Along with never-ending anxiety, feeling overwhelmed seems to be the norm the days. You’d think that spending so much more time at home would help us get (and stay) on top of things, but that’s definitely not the case for a lot of people. (If you’re someone who quarancleaned early on and now have Pinterest-worthy closets and pantries, this may not apply to you—unless that’s what you were doing instead of getting your other work done.)
In an article on SmartBrief, Dr. Naphtali Hoff—author of “Becoming the New Boss”—recommends starting our to-do lists with our most important tasks (MITs). “These could be ‘one-off tasks that can be achieved in a single time block…or may span several days,” he writes. “If you don’t put the top priorities into your calendar first, all of the other demands will clutter your time and mental bandwidth.”
So how do you know which of your tasks are the true MITs? To find out, Hoff says you should ask yourself these six questions:
Look at what you need to accomplish, and figure out which of the things would make the biggest difference for you, if you accomplished them today.
Determine what kind of return-on-investment you are getting from doing each item on your list. “To be truly successful, everything that we do must have a value attached to it,” Hoff writes. “While ‘value’ is not always cut and dry, it should be fairly obvious as to which behaviors will predictably provide the biggest benefits.”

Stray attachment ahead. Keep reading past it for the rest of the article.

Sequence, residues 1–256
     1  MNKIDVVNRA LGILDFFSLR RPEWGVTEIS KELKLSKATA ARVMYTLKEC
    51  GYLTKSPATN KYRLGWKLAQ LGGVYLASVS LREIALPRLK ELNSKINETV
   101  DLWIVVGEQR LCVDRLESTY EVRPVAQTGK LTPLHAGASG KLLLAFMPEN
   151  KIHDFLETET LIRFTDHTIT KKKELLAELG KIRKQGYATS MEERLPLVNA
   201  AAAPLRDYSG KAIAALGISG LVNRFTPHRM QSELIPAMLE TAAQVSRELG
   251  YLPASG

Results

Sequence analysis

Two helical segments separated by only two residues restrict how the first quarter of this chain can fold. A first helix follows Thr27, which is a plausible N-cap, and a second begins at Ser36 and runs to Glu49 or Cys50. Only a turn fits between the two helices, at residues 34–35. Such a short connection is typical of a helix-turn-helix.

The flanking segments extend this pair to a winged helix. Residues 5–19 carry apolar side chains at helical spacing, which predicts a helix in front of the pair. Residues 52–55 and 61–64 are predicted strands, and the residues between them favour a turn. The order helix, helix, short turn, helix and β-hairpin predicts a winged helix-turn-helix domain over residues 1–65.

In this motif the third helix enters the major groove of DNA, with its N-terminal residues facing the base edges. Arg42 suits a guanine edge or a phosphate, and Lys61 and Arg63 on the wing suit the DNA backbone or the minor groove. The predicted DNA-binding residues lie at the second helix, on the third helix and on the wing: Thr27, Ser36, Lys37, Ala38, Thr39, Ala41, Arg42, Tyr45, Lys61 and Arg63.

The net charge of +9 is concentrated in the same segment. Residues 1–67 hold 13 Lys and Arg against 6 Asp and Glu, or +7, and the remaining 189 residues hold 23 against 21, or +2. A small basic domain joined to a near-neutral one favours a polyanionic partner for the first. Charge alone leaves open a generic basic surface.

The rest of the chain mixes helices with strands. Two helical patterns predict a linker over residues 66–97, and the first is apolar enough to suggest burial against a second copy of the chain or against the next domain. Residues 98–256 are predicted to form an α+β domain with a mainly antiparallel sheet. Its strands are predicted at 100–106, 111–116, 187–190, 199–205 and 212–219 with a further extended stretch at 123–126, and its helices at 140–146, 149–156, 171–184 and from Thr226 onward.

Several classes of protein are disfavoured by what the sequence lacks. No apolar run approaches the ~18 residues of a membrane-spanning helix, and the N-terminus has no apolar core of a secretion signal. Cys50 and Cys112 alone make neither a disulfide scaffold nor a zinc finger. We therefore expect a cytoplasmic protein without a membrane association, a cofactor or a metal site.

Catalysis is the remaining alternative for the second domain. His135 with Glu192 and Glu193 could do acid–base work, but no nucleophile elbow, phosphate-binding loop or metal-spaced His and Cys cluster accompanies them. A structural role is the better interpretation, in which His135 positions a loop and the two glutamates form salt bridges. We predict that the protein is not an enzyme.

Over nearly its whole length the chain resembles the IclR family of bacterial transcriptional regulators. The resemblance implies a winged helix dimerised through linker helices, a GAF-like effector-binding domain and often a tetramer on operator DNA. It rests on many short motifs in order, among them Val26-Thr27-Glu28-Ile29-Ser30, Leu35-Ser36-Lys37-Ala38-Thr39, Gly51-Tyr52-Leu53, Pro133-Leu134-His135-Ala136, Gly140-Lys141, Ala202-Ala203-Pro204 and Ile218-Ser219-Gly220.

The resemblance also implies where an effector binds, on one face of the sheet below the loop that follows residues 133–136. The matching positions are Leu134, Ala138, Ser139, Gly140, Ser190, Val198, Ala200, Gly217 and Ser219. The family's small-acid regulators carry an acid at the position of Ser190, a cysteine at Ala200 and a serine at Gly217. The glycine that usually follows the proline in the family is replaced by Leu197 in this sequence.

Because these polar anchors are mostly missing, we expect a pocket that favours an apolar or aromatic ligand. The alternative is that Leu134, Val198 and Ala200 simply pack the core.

You have goals. What tasks on your to-do list will help you accomplish them? Those are the MITs, Hoff says.
If there’s something on your list that you can’t stop thinking about, or that you’ve had on your mind for a particularly long time, Hoff says it’s probably an MIT.
Chances are, if you’ve been thinking about a particular task for a long time, it’s probably because you’ve been putting it off. “Some of the MITs are the things that we push off the longest,” Hoff writes. “Maybe they’re a bit challenging. Or risky. Something that will push us outside our comfort zones. If you’ve been delaying for these reasons, it’s time to jump in.”
This may seem counterintuitive, but according to Hoff, “perhaps the work itself is not super important but can open the way for you to do the most important work.” He gives the example of delegating a small project that will help free up time in your schedule for critical tasks that you may not otherwise have a chance to tackle.